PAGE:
The Power of Multicultural Picture Books

Article excerpt

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My school is like many across the country. It is not in a large, multicultural city and does not accommodate a culturally diverse population. However, we have embraced the challenge to produce 21st century global citizens--even if our local area does not seem very global at first glance. Clearly, there is a need to equip all our children with the knowledge and understanding of other peoples' beliefs, cultures, customs, traditions and race to become citizens of the world.

To do this more rigorously, we decided to use the power of picture books as they are able to portray the lives of our children and others in an accessible manner. It also meant that we could permeate the whole curriculum on a regular basis, emphasising to children the importance of such understanding.

As a staff we agreed that we wanted to use picture books to:

* develop positive feelings in all our pupils towards their cultural heritage from wherever this originates so that they feel confident

* develop their own sense of belonging and self-esteem

* enable our pupils to recognise the value of diversity within and between identities, groups and communities

* critically reflect on the shared and diverse values in society

* know our pupils better and therefore discover the true diversity within the classroom so that it can be celebrated.

Our first action was therefore to audit our stock of multicultural books within our library and classroom book corners. In categorising a book as 'multicultural' we examined its promotion of ethnic, racial and cultural diversity. We noted that our range of multicultural books was strong in non-fiction, but our range of fiction titles was sparse. At first glance, choosing books to bridge this gap seemed an easy task. However, on closer inspection many books included stereotypes and cultural misunderstanding. Trying to find something contemporary or an author from another country who has written about their own culture in the English language, or where their work has been faithfully translated, was a test of our research skills.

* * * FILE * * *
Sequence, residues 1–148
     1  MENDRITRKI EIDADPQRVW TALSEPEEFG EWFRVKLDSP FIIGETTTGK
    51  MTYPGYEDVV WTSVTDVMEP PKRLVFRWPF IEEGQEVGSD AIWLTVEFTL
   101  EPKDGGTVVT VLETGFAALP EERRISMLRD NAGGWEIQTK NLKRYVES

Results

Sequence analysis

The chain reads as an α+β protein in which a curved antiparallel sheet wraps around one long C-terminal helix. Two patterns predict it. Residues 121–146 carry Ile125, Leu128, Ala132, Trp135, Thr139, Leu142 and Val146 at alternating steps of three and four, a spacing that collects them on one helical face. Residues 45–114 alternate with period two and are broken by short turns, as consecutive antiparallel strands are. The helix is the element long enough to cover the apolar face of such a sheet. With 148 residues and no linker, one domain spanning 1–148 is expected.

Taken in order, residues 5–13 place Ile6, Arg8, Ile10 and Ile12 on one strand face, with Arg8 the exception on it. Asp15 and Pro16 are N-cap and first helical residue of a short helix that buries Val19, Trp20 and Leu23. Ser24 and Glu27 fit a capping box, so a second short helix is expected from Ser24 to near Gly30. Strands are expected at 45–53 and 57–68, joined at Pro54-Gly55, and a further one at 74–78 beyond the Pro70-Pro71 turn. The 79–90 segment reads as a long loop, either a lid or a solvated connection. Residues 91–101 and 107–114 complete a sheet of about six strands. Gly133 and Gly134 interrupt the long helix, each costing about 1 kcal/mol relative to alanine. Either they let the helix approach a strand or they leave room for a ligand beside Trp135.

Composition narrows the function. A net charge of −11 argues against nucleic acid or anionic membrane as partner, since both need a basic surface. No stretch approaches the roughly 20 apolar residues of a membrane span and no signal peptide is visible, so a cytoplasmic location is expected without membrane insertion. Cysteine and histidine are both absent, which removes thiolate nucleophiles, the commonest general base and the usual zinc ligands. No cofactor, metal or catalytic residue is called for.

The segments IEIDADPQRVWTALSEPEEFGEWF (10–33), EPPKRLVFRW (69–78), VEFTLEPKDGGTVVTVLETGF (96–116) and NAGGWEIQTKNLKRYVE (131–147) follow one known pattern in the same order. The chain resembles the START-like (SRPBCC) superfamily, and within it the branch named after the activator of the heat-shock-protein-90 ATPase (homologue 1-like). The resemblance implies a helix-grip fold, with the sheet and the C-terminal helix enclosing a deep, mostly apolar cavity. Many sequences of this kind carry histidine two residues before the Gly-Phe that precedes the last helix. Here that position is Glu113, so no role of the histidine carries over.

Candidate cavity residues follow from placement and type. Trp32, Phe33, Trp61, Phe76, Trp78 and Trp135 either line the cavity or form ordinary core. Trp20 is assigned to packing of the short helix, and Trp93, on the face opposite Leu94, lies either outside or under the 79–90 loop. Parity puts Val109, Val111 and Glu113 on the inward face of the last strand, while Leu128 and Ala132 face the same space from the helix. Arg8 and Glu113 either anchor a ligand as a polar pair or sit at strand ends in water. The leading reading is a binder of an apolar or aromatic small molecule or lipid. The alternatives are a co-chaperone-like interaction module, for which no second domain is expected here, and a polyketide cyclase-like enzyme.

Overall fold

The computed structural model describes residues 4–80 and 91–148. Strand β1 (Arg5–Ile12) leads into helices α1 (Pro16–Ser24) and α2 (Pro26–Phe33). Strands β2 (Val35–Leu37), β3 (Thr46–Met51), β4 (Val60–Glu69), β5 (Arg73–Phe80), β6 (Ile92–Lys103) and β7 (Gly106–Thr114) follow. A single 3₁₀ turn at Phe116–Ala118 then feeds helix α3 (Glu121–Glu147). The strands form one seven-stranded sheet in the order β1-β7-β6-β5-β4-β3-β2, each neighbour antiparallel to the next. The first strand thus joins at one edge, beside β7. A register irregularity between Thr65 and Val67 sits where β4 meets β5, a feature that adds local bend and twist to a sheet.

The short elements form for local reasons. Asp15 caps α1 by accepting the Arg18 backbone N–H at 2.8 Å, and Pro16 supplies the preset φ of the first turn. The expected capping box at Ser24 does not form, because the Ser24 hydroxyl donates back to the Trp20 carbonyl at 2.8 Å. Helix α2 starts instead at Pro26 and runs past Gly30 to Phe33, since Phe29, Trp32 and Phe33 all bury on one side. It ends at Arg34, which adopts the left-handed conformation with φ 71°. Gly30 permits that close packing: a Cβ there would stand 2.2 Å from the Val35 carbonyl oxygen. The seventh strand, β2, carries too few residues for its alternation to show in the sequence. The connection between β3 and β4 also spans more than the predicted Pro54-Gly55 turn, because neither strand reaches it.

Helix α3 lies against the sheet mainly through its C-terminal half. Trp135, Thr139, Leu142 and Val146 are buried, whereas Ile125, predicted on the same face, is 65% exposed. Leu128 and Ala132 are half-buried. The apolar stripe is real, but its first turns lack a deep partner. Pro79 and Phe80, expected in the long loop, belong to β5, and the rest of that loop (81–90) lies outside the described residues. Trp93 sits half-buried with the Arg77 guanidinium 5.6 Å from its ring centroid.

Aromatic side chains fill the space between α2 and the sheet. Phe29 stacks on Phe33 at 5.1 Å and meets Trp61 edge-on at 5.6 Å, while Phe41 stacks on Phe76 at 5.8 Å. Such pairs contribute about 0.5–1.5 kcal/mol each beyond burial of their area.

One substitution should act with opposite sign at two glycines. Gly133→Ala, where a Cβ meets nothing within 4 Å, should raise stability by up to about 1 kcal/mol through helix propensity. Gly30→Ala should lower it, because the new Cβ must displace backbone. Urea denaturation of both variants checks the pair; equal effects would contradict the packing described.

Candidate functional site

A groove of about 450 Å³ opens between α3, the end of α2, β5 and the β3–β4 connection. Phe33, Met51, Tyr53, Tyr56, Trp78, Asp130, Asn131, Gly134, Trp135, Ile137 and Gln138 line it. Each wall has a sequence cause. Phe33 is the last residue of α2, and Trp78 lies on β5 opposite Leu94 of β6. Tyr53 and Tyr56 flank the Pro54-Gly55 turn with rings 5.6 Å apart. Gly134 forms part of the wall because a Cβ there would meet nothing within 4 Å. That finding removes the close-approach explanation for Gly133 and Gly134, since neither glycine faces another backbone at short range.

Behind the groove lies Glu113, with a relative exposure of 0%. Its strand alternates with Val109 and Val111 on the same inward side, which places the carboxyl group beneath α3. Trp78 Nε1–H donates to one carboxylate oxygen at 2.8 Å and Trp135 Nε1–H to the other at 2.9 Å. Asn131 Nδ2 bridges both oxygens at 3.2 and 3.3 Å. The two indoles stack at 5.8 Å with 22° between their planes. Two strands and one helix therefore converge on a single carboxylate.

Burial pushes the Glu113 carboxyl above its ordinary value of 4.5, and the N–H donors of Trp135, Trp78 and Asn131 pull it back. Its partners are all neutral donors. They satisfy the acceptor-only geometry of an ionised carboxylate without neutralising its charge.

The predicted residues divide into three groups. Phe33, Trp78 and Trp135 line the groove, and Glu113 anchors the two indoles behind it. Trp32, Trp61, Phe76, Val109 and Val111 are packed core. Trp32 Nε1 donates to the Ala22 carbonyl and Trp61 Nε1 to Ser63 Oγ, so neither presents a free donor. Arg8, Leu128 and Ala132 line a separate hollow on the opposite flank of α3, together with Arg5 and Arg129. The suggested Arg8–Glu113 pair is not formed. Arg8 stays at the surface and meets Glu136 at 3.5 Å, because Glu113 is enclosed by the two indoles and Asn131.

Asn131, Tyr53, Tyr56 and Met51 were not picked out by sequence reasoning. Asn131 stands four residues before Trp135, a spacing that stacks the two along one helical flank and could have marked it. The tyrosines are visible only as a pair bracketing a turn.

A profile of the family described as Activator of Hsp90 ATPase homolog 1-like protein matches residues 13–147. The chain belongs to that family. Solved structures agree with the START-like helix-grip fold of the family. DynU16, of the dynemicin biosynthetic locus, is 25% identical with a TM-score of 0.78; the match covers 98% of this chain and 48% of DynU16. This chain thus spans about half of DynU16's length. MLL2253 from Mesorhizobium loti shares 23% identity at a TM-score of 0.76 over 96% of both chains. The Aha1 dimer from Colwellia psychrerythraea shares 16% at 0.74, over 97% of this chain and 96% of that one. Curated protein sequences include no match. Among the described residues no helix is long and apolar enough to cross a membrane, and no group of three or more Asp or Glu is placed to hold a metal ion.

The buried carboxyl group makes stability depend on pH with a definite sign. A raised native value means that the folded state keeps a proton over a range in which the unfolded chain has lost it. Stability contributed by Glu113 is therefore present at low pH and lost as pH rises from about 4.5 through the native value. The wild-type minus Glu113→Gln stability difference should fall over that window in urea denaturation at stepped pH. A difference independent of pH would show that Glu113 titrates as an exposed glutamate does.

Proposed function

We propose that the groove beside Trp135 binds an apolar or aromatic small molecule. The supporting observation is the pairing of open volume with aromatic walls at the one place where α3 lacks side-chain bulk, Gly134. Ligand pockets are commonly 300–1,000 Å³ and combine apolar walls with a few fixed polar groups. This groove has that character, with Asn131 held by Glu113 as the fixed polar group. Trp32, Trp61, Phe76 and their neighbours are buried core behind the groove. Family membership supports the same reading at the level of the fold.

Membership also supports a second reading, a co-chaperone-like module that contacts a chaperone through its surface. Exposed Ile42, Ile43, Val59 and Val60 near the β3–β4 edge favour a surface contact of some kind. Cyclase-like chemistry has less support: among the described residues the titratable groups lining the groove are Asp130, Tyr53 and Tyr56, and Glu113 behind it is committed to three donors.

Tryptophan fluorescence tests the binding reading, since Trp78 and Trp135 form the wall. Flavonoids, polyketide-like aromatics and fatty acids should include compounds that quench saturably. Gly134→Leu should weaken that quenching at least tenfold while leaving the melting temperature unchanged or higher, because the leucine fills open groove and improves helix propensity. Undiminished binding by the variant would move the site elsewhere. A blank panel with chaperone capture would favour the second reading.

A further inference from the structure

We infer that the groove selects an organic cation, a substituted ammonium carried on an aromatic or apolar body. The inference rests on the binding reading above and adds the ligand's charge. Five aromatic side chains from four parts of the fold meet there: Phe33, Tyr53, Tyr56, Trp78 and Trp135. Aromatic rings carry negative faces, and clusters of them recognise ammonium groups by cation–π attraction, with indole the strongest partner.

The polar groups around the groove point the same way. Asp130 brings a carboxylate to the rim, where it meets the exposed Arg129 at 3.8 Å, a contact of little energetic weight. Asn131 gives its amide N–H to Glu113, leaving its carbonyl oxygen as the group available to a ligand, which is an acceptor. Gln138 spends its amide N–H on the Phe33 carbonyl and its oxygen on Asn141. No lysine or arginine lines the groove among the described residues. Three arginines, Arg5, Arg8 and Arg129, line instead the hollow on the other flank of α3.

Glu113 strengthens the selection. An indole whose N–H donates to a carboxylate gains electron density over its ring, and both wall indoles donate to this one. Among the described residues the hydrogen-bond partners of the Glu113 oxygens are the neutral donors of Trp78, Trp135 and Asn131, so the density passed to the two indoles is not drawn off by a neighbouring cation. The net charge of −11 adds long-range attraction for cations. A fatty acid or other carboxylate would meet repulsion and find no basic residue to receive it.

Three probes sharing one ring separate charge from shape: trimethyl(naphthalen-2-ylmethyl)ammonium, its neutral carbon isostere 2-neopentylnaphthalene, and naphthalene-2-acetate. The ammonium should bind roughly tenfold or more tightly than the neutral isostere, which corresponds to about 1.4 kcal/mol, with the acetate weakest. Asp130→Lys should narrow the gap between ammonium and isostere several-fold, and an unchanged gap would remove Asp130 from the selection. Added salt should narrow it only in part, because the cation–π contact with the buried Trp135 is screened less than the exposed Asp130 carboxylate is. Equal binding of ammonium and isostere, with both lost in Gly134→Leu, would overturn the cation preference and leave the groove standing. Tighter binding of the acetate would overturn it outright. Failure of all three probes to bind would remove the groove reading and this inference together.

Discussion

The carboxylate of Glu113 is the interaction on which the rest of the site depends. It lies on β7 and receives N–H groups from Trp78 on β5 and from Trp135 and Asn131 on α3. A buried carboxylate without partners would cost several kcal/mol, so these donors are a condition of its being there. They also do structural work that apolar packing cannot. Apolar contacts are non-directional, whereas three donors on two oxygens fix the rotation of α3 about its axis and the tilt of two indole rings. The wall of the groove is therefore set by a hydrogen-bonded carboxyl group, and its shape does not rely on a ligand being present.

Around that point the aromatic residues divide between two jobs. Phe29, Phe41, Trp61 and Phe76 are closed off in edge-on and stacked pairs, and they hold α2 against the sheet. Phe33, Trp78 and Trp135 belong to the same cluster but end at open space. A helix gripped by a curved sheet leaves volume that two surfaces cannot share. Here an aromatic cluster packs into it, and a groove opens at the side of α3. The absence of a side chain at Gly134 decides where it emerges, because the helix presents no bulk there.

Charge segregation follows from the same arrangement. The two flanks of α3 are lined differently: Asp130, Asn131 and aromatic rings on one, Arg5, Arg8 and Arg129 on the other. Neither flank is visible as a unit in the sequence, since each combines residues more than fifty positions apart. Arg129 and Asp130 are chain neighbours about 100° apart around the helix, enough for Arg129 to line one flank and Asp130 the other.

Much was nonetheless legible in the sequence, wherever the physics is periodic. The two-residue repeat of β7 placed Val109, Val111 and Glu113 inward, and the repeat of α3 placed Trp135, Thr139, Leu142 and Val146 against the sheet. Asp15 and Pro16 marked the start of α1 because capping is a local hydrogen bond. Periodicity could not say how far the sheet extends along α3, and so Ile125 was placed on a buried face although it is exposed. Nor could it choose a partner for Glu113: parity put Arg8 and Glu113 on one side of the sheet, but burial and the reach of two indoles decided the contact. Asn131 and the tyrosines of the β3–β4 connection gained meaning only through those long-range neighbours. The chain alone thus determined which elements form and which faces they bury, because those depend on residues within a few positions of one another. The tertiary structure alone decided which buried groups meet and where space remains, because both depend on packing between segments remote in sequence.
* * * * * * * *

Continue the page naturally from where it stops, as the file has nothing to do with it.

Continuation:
However, help was at hand. One impact of this process has been an increase in the range of book stockists we now use. Independent book stockists--particularly those promoting inclusion and diversity--were able to guide us to specific titles which reflect the distinct needs of our pupils through text and illustration. They also ensured that we were promoting accuracy and authenticity in our book choices. Recommended stock often included picture books from less well-known publishers and from newly published authors and illustrators.

In order for these new books to have an extra impact, we did not integrate them immediately into our library. Instead we used our books in small group and whole-class reading sessions, or as an alternative story for SEAL assemblies. This provided valuable opportunities for discussion and enabled us to help dispel stereotypes and misunderstanding. We talked about how cultures change over time and how their own cultures might be perceived by someone else.

To further engage the children we asked the school council to make their own list of books from recommended titles and reviews which they could promote to the school. The children really loved this activity. There was much discussion over the possible merits of one title over another--great for your APP assessment! For the last few years our school has voted on its picture book of the year, chosen from a shortlist of ten. It's going to be a close call between Lin Yi's Lantern by Brenda Williams and Wings by Christopher Myers.

We categorised the books under five themes to develop the children's critical literacy skills:

* Similarity

* Dual language

* Traditional tales

* Respecting difference

* Minority characters in main roles or in worldwide settings

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